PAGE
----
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NEWS | July 6, 2018

Tick tactics: avoiding the bite

By Senior Airman Tanya McKenzie 628th Aerospace Medical Squadron

One of summer’s most frequent nuisances is the reappearance of insects and arachnids. No matter where you are, they always seem to find their way on or around us. Ticks, arachnids that have been around for thousands of years, are no different. Identifying the different kinds, avoiding their bite, or knowing what to do if one does bite you is valuable information this time of year.


There are various species of ticks. The most common species in the South Carolina region are Blacklegged Tick (aka Deer Tick), Lone-Star Tick (aka Seed Tick), American Dog Tick (aka Wood Tick), and Brown Dog Tick.


The Blacklegged Tick is extremely small and is most known for spreading Lyme disease. Some of the symptoms of Lyme disease include fever, headache, fatigue and a skin rash. Applying repellant, removing ticks promptly and applying pesticides are some ways to prevent Lyme disease.


The Lone-Star Tick is easier to recognize. The adult female tick sports a white dot on its back, prompting its “Lone-Star” name. Tularemia is one of the most common diseases associated with this tick. Its symptoms include a skin ulcer at the site of the bite, swollen lymph nodes, headaches, fever, chills and fatigue.


The American Dog Tick, typically brown to reddish-brown in color with grayish markings on the upper body, causes Colorado Tick Fever, another malaise with signs and symptoms such as fever, chills, headache, body aches and fatigue. Rocky Mountain Spotted Fever is another disease linked to the American Dog Tick, with symptoms including nausea, lack of appetite, fever and muscle pain.


Last, but not least, is the Brown Dog Tick. Although this uniformly dark reddish-brown tick is mostly a threat to pets, humans can also be affected through the spread of Rocky Mountain Spotted Fever.


This summer, be sure to take the necessary precautions to prevent tick bites while outdoors. Repellent is always a good idea, as is checking your clothing for ticks, particularly if you have been in a wooded area or in tall grass. A shower within two hours of outdoor activity that puts you at risk -- such as hiking, camping, gardening, clearing brush -- can help wash off or identify ticks.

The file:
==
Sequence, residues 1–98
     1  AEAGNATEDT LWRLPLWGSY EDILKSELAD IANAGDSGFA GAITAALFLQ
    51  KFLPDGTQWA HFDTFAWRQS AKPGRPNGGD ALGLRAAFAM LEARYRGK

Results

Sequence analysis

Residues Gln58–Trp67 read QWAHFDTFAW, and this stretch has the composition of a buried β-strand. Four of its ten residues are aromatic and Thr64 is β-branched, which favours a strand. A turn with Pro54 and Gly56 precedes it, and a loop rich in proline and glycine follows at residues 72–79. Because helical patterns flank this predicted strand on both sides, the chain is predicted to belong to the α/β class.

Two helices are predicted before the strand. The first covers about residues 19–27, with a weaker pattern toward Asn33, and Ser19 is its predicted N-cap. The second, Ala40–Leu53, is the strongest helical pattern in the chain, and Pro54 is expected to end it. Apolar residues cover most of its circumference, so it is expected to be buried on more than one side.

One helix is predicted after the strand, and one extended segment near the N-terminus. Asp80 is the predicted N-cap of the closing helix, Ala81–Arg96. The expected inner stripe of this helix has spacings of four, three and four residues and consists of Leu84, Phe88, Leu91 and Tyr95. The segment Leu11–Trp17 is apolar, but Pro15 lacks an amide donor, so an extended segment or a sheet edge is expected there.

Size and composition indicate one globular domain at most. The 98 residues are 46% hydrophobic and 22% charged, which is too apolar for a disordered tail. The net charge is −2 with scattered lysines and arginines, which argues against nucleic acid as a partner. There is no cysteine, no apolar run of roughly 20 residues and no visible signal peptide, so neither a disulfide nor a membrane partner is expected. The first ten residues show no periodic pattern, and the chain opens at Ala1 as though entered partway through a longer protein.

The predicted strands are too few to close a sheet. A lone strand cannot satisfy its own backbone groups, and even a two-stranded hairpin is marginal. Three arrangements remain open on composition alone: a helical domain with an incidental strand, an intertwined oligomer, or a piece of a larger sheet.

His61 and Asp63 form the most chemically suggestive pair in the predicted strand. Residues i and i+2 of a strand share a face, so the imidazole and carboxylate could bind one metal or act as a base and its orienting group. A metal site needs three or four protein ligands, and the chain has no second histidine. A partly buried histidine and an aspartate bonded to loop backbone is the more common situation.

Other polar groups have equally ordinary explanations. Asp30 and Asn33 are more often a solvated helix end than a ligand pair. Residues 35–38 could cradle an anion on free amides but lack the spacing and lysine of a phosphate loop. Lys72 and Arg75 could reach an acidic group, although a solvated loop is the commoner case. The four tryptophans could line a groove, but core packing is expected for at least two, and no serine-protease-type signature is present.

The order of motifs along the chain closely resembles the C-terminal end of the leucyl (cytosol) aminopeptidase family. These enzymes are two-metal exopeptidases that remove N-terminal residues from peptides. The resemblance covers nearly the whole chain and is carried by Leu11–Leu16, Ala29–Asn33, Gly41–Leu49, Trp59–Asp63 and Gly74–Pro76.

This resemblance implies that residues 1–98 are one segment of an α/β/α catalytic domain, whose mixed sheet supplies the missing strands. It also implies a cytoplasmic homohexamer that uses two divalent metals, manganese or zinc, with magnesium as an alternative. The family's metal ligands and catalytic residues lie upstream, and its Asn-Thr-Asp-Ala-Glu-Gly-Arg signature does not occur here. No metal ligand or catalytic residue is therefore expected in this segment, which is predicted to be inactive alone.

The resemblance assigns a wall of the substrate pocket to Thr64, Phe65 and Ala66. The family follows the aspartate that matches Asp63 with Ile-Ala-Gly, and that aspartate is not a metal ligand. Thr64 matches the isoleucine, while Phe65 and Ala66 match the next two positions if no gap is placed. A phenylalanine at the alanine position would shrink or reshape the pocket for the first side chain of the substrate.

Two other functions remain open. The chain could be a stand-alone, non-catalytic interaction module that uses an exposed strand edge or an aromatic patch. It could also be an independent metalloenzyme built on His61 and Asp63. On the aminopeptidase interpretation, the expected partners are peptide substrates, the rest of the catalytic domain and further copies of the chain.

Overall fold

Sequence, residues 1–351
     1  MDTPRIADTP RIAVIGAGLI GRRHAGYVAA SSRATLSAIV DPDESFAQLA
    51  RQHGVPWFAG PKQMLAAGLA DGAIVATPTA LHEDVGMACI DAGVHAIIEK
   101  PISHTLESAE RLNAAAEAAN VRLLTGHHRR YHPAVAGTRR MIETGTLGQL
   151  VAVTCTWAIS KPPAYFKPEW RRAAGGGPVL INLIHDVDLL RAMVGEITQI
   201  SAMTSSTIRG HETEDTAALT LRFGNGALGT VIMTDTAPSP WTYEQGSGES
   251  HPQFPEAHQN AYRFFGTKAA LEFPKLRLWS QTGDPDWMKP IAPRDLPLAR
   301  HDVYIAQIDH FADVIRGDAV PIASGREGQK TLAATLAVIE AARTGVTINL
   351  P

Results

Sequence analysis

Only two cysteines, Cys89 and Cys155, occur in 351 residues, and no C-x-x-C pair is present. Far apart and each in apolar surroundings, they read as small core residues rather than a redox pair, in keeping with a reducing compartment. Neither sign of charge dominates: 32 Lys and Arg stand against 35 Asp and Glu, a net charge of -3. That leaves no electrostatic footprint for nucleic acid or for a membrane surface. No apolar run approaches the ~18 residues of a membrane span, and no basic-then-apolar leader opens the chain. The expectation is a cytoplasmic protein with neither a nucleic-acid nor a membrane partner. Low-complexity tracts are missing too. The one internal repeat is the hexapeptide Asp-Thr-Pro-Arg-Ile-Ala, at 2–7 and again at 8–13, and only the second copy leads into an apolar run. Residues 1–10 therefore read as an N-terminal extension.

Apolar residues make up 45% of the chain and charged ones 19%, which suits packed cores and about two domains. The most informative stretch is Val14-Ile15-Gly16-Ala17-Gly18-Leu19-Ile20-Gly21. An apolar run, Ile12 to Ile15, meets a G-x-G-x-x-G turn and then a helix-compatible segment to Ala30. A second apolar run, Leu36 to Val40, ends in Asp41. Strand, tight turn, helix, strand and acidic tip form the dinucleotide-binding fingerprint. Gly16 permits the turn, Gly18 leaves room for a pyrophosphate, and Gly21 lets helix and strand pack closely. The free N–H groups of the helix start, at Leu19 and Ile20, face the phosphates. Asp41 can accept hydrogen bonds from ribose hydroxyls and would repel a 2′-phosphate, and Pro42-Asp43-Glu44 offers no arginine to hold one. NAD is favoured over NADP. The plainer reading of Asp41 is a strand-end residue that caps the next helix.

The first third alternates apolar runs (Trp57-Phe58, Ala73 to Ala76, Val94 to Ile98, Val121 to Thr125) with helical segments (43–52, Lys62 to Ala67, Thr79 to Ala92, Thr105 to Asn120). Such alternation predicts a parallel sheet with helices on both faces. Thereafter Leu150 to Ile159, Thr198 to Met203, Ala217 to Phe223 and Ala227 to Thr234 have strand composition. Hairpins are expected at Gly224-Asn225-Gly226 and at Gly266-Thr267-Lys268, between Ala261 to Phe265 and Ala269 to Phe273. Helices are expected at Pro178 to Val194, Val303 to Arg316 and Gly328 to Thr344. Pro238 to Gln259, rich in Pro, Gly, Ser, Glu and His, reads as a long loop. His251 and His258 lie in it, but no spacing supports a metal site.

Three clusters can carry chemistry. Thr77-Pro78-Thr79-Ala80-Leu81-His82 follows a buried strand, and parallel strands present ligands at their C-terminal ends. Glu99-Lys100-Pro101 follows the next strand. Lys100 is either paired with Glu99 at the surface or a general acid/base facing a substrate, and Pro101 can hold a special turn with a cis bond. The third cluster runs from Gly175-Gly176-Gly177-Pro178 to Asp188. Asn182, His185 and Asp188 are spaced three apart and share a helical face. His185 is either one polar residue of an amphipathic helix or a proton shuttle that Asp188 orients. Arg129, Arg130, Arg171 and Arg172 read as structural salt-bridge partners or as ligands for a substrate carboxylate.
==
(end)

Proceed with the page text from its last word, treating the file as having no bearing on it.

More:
If you are bitten by a tick, prompt removal is the best defense against the diseases described.  The longer the tick is in place, the higher the chance of transmission if the tick is carrying a disease. Below are the steps for proper removal of a tick:


  1. Use fine-tipped tweezers to grasp the tick as close to the skin’s surface as possible.
  2. Pull upward with steady, even pressure. Don’t twist or jerk the tick as this can cause the mouth-parts to break off and remain in the skin. If this happens, remove the mouth-parts with tweezers. If you are unable to remove the mouth easily with clean tweezers, leave it alone and let the skin heal.
  3. After removing the tick, thoroughly clean the bite area and your hands with rubbing alcohol or soap and water.
  4. Never crush a tick with your fingers. Dispose of a live tick by putting it in alcohol, placing it in a sealed bag/container, wrapping it tightly in tape, or flushing it down the toilet.

If you are ever bitten by a tick and start developing any of the above signs and symptoms, please see your PCM as soon as possible or go to the Emergency Room. If you have any questions or concerns, contact the 628th MDG Public Health Flight at (843) 963-6958 or (843) 963-6962 on the Air Base or the Preventive Medicine Department on the Naval Weapons Station at (843) 794-6571.